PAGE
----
On July 12, 2002, Capt. Galatioto ordered Nonnenmann to attend a Headquarters Compstat meeting. (Am. Compl. ¶ 40; City 56.1 Stmt. ¶ 59; Nonnenmann 56.1 Stmt. ¶ 73; Nonnenmann Aff. ¶ 94; Nonnenmann Dep. at 123-24.) Although Nonnenmann alleges that Capt. Galatioto "stated he was going to put [Nonnenmann] on the podium and see that [Nonnenmann] was publicly embarrassed," Capt. Galatioto never called Nonnenmann to the podium. (Am. Compl. ¶ 40; see also Nonnenmann Aff. ¶ 94; Nonnenmann Dep. at 124-25.) Nonnenmann claims that he nevertheless was "publicly embarrassed" by "watching the higher-ups on the Police Department to commit [a]n act of gender discrimination against Chief Kunk[le]." (Nonnenmann Dep. at 125; Am. Compl. ¶ 40.) Nonnenmann concedes that no acts of discrimination or retaliation against him were committed at the July 12, 2002 Compstat meeting. (Nonnenmann Dep. at 125.)

  On July 22, 2002, Nonnenmann filed an unfair labor practice grievance, alleging retaliation including (1) his platoon transfer; (2) denial of overtime for the time IAB ordered him to remain home following his June 1, 2002 IAB complaint against Capt. Galatioto, and (3) Capt. Galatioto's allegedly harassing June 10, 2002 phone call to Nonnenmann's home. (Ex. O: 7/22/02 Grievance Form; City 56.1 Stmt. ¶ 58.) On July 24, 2002, Nonnenmann filed an IAB complaint alleging "continued retaliation during an ongoing IAB investigation." (Am. Compl. ¶ 41; City 56.1 Stmt. ¶ 60.) Like several of Nonnenmann's other complaints, the July 24, 2002 IAB complaint was merged with lAB's stop-and-frisk investigation. (City 56.1 Stmt. ¶ 60.)

  On August 29, 2002, Capt. Galatioto transferred Nonnenmann from the 2d Platoon (8 a.m. to 4 p.m.) to the 3d Platoon (4 p.m. to midnight) and appointed Nonnenmann the "Special Operations Burglary Lieutenant." (City 56.1 Stmt. ¶ 62.) Nonnenmann's account is slightly different:
On or about August 29, 2002, Capt[ain] Shandley was chosen to command a PBQN [Patrol Borough Queens North] initiative, with resources being diverted from other commands to the 110th Pct. Inspector D'Amico, the adjutant of PBQN, was in charge of the overall detail. Capt. Shandley asked [Nonnenmann] if he would transfer to his initiative. [D'Amico] stated it would separate [Nonnenmann] from Galatioto. [Nonnenmann] accepted the new assignment; which lasted until Insp. D'Amic[o] was transferred from PBQN, at which time [Nonnenmann] was once again working directly for defendant Galatioto, still under the title as the Special Operations Burglary Lieutenant.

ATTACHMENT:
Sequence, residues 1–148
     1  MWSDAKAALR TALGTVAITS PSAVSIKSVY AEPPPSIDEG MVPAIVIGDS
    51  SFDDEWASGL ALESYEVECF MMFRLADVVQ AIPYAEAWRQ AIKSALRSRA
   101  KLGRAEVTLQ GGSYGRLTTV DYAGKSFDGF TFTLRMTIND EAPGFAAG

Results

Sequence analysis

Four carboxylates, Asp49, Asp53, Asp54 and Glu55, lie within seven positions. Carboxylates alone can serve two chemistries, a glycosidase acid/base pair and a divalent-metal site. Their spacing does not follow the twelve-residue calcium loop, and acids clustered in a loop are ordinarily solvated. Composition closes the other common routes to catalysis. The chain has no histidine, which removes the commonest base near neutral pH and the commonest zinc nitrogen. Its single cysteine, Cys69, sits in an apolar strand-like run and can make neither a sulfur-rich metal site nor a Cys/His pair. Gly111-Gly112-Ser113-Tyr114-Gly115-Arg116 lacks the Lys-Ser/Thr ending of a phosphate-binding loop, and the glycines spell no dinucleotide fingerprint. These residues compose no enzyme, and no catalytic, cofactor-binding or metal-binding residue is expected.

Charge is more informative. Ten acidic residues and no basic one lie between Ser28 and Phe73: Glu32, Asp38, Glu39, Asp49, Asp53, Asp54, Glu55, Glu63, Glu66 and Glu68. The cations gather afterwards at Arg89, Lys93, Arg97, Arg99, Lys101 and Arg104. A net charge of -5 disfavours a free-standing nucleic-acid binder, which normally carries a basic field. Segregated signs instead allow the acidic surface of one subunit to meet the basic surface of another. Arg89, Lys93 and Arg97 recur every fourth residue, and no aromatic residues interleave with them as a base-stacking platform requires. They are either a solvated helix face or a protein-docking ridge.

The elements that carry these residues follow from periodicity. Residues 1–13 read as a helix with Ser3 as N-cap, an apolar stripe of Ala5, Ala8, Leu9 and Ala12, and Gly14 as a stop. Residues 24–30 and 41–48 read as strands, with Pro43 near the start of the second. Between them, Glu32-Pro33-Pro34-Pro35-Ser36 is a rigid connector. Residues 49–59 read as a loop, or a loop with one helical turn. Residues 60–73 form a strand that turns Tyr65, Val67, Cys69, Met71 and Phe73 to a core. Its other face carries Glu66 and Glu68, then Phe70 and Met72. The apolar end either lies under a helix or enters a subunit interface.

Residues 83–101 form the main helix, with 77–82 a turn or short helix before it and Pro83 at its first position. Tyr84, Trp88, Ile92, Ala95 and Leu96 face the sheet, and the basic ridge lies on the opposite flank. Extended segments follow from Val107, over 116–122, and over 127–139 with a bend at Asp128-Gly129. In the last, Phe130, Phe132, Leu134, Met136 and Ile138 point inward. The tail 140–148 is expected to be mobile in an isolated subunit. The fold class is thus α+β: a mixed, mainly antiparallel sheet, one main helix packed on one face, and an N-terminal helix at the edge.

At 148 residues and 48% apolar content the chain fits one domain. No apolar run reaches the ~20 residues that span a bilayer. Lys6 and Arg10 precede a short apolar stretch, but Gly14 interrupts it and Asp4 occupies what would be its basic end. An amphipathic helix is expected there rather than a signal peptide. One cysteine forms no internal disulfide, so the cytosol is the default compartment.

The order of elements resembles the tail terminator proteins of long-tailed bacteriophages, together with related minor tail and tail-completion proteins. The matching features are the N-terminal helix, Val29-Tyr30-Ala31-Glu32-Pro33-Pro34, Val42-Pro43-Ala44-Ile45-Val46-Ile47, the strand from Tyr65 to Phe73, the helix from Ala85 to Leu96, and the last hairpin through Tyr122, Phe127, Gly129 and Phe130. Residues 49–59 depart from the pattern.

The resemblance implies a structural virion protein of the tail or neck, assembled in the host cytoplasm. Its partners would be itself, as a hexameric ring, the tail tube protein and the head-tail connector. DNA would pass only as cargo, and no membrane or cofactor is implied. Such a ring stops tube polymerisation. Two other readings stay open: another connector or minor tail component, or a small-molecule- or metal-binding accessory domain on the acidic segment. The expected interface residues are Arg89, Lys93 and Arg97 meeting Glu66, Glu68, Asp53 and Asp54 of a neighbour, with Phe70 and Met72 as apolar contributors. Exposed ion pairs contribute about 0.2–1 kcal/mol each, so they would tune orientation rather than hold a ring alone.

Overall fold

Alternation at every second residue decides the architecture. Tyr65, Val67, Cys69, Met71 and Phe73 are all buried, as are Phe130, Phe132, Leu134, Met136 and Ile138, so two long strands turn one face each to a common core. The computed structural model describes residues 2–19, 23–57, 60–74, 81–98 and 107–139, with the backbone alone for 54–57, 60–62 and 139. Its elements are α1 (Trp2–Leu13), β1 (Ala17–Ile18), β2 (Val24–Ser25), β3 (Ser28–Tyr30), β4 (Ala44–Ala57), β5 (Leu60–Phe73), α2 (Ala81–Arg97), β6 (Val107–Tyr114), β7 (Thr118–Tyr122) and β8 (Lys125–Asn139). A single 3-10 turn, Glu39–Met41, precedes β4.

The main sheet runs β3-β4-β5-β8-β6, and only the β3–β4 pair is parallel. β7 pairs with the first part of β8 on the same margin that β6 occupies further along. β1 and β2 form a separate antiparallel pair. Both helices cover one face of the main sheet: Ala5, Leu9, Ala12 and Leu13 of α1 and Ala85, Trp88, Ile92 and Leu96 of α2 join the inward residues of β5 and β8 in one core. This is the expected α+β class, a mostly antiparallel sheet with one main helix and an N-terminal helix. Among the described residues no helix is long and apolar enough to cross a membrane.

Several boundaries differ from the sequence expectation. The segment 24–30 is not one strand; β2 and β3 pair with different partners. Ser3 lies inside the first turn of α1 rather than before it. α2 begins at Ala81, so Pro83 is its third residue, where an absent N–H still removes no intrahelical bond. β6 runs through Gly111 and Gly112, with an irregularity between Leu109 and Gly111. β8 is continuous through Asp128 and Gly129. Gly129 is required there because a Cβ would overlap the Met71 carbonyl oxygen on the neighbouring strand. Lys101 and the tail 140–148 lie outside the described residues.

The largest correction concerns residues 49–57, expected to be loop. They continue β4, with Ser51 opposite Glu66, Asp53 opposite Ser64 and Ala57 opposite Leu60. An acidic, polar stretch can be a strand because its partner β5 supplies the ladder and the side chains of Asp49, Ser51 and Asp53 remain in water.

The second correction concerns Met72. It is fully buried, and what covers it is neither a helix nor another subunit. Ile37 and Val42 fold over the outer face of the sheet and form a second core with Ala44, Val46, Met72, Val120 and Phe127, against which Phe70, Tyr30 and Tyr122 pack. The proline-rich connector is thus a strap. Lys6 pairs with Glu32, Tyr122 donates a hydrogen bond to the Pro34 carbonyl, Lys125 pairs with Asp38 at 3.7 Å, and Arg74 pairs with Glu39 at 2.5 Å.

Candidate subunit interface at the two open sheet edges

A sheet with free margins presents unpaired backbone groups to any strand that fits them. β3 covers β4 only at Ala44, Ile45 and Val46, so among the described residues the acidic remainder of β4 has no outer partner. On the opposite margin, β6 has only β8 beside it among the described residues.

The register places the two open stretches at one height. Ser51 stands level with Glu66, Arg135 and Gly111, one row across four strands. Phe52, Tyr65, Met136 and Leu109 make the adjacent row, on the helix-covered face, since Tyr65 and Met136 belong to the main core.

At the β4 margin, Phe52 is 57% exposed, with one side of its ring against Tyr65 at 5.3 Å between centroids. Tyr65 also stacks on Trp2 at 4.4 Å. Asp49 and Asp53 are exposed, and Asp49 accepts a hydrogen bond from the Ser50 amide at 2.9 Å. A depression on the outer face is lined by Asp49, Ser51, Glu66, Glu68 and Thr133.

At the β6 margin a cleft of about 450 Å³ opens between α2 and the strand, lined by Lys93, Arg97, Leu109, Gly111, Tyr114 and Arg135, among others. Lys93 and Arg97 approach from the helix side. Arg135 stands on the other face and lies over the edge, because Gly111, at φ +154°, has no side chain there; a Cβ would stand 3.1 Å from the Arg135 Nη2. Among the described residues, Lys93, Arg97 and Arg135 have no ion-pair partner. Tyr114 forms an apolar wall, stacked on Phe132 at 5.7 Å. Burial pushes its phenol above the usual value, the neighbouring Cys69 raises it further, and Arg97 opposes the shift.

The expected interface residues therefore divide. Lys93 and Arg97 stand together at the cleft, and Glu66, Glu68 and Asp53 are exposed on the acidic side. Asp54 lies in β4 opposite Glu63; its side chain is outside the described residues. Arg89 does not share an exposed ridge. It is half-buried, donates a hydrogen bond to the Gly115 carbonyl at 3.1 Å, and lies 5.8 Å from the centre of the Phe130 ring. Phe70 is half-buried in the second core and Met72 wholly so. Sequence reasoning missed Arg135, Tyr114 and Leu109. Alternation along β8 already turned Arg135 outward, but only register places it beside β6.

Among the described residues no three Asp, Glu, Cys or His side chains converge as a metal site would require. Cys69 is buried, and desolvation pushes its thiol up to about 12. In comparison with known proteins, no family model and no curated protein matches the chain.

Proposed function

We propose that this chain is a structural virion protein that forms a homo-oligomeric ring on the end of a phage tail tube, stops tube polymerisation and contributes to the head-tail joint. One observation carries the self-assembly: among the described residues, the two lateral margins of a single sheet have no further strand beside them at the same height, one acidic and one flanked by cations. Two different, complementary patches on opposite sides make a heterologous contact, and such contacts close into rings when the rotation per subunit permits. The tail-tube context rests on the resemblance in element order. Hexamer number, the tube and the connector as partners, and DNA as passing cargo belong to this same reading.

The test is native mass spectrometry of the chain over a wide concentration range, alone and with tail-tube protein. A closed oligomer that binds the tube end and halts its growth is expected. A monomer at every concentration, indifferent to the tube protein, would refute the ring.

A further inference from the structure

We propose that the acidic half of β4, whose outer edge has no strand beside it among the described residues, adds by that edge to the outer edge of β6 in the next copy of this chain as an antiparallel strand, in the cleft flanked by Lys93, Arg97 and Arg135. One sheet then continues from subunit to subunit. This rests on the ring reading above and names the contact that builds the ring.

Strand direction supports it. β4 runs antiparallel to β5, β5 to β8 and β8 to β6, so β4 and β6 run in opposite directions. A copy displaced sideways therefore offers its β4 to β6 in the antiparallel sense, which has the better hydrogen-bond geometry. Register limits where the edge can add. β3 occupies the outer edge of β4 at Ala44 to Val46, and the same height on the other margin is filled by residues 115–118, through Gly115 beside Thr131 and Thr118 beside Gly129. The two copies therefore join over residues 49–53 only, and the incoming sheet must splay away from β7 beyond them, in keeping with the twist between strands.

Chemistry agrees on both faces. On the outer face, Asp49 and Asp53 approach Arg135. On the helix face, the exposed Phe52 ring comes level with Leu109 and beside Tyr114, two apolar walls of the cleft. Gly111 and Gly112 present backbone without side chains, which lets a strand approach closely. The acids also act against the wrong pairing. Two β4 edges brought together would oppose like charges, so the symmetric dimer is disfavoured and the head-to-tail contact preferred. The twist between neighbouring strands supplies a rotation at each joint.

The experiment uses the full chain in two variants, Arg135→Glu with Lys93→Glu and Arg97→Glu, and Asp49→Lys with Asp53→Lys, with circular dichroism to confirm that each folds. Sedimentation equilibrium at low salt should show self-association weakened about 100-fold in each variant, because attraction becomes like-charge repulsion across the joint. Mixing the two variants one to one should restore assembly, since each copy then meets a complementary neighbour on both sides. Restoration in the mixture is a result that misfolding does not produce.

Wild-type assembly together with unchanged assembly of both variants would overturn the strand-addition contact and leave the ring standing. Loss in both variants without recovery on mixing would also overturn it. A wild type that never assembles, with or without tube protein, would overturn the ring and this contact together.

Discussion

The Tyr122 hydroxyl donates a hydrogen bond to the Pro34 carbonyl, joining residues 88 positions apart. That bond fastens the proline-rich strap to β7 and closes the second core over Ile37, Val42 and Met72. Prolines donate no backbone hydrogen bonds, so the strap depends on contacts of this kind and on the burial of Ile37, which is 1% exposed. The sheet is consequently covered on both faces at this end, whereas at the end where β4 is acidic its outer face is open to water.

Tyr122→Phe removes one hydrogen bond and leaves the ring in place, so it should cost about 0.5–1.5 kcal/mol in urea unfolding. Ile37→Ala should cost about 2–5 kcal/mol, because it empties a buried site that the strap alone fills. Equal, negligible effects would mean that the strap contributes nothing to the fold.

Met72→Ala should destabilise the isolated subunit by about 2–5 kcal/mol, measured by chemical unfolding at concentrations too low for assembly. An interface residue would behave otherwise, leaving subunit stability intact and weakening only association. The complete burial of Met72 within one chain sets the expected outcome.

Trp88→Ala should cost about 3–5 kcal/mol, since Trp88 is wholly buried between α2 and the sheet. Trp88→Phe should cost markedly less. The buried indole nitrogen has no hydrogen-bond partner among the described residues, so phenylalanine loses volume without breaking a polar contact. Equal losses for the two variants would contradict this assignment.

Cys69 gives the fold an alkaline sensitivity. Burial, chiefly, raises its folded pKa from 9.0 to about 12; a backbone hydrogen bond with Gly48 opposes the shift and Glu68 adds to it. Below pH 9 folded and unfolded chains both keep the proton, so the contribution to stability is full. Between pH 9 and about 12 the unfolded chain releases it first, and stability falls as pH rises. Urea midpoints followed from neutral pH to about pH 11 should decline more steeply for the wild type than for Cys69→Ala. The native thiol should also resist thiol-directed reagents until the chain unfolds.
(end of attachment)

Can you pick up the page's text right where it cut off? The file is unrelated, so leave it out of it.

(Nonnenmann 56.1 Stmt. ¶ 74.)

  Nonnenmann alleges that on or about January 30, 2003, Capt. Galatioto "ordered that [Nonnenmann] was to receive no further overtime assignments." (Am. Compl. ¶ 51(g).) Nonnenmann filed an IAB complaint against Capt. Galatioto as a result. (Am. Compl. ¶ 51(g); Nonnenmann 56.1 Stmt. ¶ 77.)

  In February 2003, Capt. Galatioto ordered the 110th Precinct's Anti-Crime team to work overtime on Mondays because the burglary rate was steadily rising and Monday was the team's only day off. (City 56.1 Stmt. ¶ 64.) As a result of the Anti-Crime team's Monday assignment, Capt. Galatioto cancelled two days of Nonnenmann's scheduled overtime on Mondays in February 2003. (City 56.1 Stmt. ¶ 64; Nonnenmann 56.1 Stmt. ¶ 78.) Nonnenmann filed an IAB complaint against Capt. Galatioto regarding the cancelled overtime. (Nonnenmann 56.1 Stmt. ¶ 78.)